Music and Thinking.

“Movement and Timing: Exploring the relationship between musical training, rhythm perception, and sensorimotor integration” 

Michael Schutz (MAPLE Lab, McMaster University)

Where: MUSC 403/533F: “Cognition of Musical Rhythm,” School of Music, room 400B

When: Tuesday, September 20, 2:30-3:15pm

Abstract: Movement and music share a tight relationship – head bobbing and foot tapping are ubiquitous when listening, and many performers routinely employ gestures more excessive than is necessary for sound production. Does this movement offer any benefits to performers and listeners?  Some teachers instruct students to tap their feet while playing in order to improve their sense of rhythm, while others caution against this as musically distracting and/or unhelpful.   Previous research in my lab has shown that movement can not only change, but actually improve our perception of rhythm.  To extend this work we later began testing rhythm experts – percussionists at different Ontario universities (including Western).  in my talk I will review results from our recent publications, as well as new data exploring how musical training affects rhythm perception in both percussionists and non-percussionists. I will then discuss implications of these findings for theories of perception, as well as practical implications related to musical education and performance. 

Michael Schutz (MAPLE Lab, McMaster University): “Music’s emotion power: Exploring the use of cues for emotion through the music of JS Bach”

Where: Graduate Colloquium Series, School of Music, room 400B

When: Friday, September 23, 3:30-5pm

A reception will follow!

AbstractMusic’s emotional power has fascinated great thinkers from Plato to Darwin.  Rigorous experiments manipulating melodies demonstrate that that alterations to pitch height, timing, and modality (major/minor) produce consequent changes in emotional messages. Yet it is not clear whether these manipulations capture the full richness of musical communication as it occurs naturally in concert halls and coffee shops.  Here I will overview recent developments in my team’s work on musical emotions as conveyed in widely performed pieces by historically significant composers. We will also discuss new findings on how these cues predict listeners’ emotional responses, and the degree to which certain instruments have been “typecast” into conveying only a limited set of emotions.  We will discuss how understanding composers’ use of cues such as rhythm is complicated by performers’ differing interpretations of tempo.  We are now exploring the complex relationship between composers structural choices, performers interpretive decisions, and audiences’ perceptual responses.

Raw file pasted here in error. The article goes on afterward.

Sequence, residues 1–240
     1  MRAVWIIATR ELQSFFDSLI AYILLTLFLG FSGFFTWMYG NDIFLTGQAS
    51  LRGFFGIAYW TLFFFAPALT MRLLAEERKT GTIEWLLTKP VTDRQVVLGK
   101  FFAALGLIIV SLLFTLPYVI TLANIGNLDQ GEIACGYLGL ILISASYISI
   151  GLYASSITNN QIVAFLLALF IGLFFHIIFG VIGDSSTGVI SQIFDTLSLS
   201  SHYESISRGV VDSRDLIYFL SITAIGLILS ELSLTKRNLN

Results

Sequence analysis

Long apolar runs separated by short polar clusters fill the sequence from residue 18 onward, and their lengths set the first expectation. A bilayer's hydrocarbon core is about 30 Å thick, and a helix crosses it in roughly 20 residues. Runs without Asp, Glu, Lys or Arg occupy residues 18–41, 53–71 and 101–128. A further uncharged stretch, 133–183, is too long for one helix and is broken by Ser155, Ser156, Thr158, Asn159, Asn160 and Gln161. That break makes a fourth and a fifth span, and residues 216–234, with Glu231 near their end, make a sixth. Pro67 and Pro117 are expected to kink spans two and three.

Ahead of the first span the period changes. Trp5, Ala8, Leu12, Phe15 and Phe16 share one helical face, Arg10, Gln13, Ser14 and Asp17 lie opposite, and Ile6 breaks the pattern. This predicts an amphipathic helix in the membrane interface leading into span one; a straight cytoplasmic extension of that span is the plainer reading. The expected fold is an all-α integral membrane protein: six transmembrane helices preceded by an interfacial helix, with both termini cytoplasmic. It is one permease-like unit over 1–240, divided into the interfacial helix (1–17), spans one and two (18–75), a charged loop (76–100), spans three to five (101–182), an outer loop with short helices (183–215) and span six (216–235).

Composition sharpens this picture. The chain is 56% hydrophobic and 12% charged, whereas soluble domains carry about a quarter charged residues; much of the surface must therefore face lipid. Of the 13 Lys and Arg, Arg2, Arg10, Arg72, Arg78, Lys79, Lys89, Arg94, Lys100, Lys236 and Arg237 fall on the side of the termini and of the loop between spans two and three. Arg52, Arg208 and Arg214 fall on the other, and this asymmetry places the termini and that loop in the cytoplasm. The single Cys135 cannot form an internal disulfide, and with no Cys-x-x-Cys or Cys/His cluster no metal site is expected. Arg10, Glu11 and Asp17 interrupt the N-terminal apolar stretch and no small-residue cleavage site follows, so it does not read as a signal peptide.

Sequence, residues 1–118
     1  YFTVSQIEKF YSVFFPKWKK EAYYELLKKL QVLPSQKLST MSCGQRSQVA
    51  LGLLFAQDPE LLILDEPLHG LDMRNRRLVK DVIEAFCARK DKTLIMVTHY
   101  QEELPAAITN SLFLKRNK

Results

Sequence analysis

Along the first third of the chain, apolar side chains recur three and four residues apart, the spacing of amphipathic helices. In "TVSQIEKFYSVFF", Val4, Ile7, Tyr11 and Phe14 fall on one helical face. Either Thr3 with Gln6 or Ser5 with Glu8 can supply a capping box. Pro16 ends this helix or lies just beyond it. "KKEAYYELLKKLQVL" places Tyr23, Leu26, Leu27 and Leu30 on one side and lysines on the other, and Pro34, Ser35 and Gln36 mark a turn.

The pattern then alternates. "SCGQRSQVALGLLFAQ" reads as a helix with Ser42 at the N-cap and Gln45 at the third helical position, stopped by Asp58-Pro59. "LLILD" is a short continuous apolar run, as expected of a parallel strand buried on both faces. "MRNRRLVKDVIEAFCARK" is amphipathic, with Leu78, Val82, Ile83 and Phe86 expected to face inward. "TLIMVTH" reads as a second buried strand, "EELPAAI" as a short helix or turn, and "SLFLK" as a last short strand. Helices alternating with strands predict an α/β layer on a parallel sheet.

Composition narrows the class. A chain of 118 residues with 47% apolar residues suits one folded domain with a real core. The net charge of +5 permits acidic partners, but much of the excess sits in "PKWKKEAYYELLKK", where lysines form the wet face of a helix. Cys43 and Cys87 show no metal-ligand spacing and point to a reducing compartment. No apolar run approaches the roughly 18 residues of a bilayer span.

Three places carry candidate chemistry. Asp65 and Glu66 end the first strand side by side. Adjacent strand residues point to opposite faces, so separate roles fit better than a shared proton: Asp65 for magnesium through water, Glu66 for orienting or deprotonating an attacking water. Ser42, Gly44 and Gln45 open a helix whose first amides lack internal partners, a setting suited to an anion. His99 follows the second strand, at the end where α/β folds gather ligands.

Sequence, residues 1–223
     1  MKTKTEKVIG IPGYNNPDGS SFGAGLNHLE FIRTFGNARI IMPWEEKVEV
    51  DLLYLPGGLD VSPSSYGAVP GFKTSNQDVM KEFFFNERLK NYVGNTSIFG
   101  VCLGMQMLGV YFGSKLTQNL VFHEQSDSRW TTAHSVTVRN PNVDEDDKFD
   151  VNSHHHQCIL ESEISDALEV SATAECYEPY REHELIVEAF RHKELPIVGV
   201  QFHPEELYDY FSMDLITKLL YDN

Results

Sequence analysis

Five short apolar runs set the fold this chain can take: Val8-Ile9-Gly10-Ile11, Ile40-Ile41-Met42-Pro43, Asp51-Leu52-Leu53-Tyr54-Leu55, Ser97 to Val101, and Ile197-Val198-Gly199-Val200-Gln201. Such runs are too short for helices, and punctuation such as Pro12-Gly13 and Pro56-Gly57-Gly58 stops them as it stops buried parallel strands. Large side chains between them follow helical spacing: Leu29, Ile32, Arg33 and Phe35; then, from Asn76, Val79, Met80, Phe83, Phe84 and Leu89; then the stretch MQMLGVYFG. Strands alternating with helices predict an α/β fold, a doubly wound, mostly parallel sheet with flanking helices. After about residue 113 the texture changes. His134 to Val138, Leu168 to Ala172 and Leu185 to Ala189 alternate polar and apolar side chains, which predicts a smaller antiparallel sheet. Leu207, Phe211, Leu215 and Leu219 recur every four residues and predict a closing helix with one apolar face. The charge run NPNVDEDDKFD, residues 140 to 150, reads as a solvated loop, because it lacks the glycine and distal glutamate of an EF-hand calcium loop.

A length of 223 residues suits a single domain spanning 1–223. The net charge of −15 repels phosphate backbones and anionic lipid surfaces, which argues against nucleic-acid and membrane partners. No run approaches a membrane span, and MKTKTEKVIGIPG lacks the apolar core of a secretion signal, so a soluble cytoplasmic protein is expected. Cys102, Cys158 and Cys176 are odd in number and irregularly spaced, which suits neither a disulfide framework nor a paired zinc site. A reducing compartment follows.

For more information please visit us online at, read our latest publication on this topic at, or explore the online tool to visualize different tempo interpretations of Bach’s Well Tempered Clavier

Bio: Michael Schutz recently received tenure at McMaster University, where he is now Associate Professor of Music Cognition/Percussion.  His duties include conducting the percussion ensemble, supervising graduate students, and directing the MAPLE (Music, Acoustics, Perception, & LEarning) Lab – Michael’s research is featured prominently in multiple textbooks including Psychology of Music and Cognitive Psychology, and is supported by a variety of federal and international funding agencies including SSHRC, NSERC, and NIH.  He has been honoured with the Petro Canada “Young Innovator” award (2014), and the Ontario Early Researcher Award (2011), and serves on the Board of Directors for the Society for Music Perception and Cognition (SMPC). Additionally, he remains active as a percussionist, appearing on the title track of Judith Shatin’s album Time to Burn (Innova Records), and serving on the percussion faculty of the Honors Music Institute in Pennsylvania.  Prior to joining the McMaster Institute for Music and the Mind, Michael spent five years as Director of Percussion Studies at Longwood University, performing frequently with the Roanoke and Lynchburg Symphonies and serving as principal percussionist with Opera On the James. He holds percussion degrees from Penn State (BMA) and Northwestern (MM), as well as degrees in Cognitive Psychology and Computer Science.   For more information, please visit

You can watch a recent presentation he did at the University of California, Davis here: